The first time we went to the pool this summer, we could only stay 20 minutes. Mark had math class on the living room computer, and I thought we’d hop in the car right after and make it for most of our slot, but he had a quiz and said it was going to take him a long time, but we said, of course we’ll wait.
Luke and Diana and I sat on the porch in our bathing suits with sunscreen on, listening to the crows caw and distant lawnmowers rove, and after a while we opened up the pool bag and looked at the hotdogs all wrapped in foil, and then we unwrapped them one by one and the mustard was so tangy, the buns so soft, and then we opened the box of carrots, and then the container of potato chips, and when Mark came out, he looked white and said there was no point, but we piled in the car and got there just in time.
But this morning Mark doesn’t have math, and we got a 2-hour reservation, and the water is sparkling like turquoise gold. The kids throw off their shorts and pull on their goggles and fast-walk to the deep end, and they’re so happy, and Sofia is coming home today, and everything is fine. So why do I feel like sitting on this vinyl lounge chair and crying?
Was it the email that came in this morning declining the invitation to celebrate Luke’s 10th birthday at an amusement park, or the shame I felt for having even asked? Is it because the thing he really wants is a bike and I can’t find a single 24-inch bike in stock to give him?
Maybe it’s because of all the money we lost on the canceled trip to Florida, or that yesterday the mayor was supposed to announce how schools would re-open but then called off the press conference, and Houston and Atlanta and L.A. and Montgomery County have already announced that school will be online this fall.
Or was it that when Virginia said she didn’t mind if her senior year was all virtual because she’s over high school, I saw a black computer screen replace her life and my redemption, my last chance to be the mom she wanted me to be, to trust her, to let her do more when high school was still high school and kids still loitered around the convenience store and rode buses and bought dresses for dances and roamed around looking for parties after football games.
“When are you going to get in?” the kids ask me, the tips of their noses dripping, their eyelashes like star points, and I tell them, “Later, I’m not hot enough yet,” but what I really mean is I’m not happy enough.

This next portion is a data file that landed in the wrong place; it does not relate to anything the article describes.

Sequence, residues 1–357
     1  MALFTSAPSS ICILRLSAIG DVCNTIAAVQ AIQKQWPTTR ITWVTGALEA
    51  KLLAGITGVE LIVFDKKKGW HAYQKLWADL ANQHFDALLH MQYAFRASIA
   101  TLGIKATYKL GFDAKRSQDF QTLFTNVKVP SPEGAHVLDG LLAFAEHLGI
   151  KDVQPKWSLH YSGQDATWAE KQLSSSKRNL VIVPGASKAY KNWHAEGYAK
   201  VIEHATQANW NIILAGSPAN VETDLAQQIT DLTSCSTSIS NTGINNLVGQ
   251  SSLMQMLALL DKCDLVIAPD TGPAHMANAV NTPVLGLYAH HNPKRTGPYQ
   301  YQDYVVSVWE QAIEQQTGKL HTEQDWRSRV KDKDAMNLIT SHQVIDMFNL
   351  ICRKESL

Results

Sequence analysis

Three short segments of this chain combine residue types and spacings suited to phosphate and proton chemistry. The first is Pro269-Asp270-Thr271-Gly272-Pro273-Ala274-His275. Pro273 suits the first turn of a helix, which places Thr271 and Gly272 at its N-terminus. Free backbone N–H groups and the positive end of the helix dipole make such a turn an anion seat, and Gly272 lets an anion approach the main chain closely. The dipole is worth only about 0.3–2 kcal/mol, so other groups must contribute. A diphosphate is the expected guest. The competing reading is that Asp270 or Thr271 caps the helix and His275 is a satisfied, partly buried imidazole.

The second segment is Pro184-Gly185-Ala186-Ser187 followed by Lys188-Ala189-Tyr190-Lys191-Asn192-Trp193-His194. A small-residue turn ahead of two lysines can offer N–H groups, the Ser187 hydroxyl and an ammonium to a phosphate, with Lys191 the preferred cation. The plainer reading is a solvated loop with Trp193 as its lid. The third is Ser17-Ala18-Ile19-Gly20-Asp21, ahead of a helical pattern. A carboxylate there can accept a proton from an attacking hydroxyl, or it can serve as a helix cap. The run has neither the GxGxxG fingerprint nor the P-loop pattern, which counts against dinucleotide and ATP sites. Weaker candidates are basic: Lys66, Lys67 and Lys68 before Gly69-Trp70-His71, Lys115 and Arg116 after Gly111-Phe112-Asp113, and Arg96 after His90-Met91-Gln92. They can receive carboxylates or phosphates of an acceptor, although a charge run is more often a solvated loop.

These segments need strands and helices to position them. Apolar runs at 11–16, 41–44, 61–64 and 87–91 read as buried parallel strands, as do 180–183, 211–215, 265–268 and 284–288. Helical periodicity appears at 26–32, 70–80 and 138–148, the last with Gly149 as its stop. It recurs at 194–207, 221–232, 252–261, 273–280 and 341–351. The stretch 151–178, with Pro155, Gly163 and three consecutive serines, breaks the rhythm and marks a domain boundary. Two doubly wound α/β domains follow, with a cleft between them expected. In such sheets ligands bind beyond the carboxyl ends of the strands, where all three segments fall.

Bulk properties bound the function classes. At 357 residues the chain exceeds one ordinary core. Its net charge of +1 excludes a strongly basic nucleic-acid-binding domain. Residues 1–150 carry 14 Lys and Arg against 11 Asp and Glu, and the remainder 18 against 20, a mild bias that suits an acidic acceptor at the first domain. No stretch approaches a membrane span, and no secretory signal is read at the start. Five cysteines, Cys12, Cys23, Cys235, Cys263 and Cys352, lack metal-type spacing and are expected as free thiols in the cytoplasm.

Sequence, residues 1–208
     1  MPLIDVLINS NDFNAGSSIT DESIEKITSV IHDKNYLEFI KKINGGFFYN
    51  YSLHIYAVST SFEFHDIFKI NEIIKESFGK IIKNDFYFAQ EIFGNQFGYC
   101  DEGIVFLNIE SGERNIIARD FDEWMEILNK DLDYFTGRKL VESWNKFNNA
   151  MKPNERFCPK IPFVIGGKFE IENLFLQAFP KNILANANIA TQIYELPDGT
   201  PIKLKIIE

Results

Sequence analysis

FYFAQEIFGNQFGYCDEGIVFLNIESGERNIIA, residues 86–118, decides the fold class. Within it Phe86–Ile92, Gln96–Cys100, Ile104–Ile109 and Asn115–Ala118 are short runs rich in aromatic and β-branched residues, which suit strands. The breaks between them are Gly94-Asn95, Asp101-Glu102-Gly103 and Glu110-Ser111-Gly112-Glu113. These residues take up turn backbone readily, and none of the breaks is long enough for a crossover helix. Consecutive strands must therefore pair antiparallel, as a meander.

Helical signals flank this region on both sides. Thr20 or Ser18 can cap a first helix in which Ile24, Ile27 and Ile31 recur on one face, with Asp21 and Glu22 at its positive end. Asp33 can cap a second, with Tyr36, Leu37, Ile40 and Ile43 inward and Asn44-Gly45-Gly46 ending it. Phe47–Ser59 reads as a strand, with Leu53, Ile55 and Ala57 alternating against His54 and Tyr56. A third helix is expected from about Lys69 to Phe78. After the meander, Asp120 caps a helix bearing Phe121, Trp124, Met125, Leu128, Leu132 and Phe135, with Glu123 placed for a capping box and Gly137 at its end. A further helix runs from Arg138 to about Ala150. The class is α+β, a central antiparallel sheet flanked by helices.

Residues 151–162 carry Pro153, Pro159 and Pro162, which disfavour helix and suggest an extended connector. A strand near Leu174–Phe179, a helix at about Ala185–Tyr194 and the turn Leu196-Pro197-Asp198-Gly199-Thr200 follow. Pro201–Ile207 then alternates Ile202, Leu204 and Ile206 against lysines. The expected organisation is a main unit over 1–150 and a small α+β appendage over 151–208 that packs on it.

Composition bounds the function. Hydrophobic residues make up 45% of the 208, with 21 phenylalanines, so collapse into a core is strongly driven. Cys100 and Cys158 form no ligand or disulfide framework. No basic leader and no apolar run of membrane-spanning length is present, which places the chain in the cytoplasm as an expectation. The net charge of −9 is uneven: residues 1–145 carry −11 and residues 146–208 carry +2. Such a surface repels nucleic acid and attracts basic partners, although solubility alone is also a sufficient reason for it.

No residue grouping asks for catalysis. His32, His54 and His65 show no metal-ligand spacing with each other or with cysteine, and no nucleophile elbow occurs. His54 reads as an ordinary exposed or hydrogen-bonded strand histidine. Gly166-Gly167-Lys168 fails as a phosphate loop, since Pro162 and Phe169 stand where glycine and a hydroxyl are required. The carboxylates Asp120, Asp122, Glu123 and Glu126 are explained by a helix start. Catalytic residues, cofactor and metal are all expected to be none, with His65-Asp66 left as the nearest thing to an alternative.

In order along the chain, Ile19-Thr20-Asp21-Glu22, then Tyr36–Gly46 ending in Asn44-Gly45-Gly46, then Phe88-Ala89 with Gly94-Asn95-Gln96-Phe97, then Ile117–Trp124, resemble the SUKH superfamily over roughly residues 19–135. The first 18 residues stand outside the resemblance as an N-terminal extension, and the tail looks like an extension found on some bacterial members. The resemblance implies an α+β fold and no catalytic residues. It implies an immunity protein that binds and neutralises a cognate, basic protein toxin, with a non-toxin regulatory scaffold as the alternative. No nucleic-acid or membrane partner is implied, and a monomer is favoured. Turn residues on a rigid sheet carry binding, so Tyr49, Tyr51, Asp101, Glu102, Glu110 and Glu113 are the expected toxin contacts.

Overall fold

Maybe it’s because today is the day we would have flown back from Italy, bleary from too many nights out and visits to cousins and early morning cappuccinos and our suitcases would be jammed with stained sink-washed clothing and plastic bags of shells, brochures, and tiny bottles of Italian shampoo swiped from hotels.
Is it because my children have each other, but I spend my days alone, and even though I am consuming this solitude like one wide-open mouth, I feel that somewhere people are hugging and laughing and locking eyes and I’m here caught in a wind tunnel of air, so much air, fresh non-human air.
At the diving boards, kids line up to do can-openers and back dives, and I feel like a traitor, dry and motionless on my chair. I don’t know what to do with this sadness. It makes me feel soft, rich, babylike. To mourn the loss of things that others have never held.
But how does it help to not let myself cry? I become a steel drum with a welded top, my precious dangerous stuff kept in. And everyone else kept out.
After the whistle blows the long looping whine that means “get out,” lifeguards block the main entrance and masked bathers file out of the side exit by the chain link fence. I too am wet — the kids convinced me to stop wrestling with my sorrow and jump in. Near the snack bar, an enormous stack of pool chairs has been constructed, hundreds of different types and sizes that once made this a place to gather have been fitted together into one giant mass, as if ready to make a bonfire.
The remaining few set sparsely around the pool. So I couldn’t sit near anyone and pretend that I was happy. Spaced apart so that the air would fill with silence instead of chatter. So that sadness had a way to spill out and join with the rest and finally be washed away.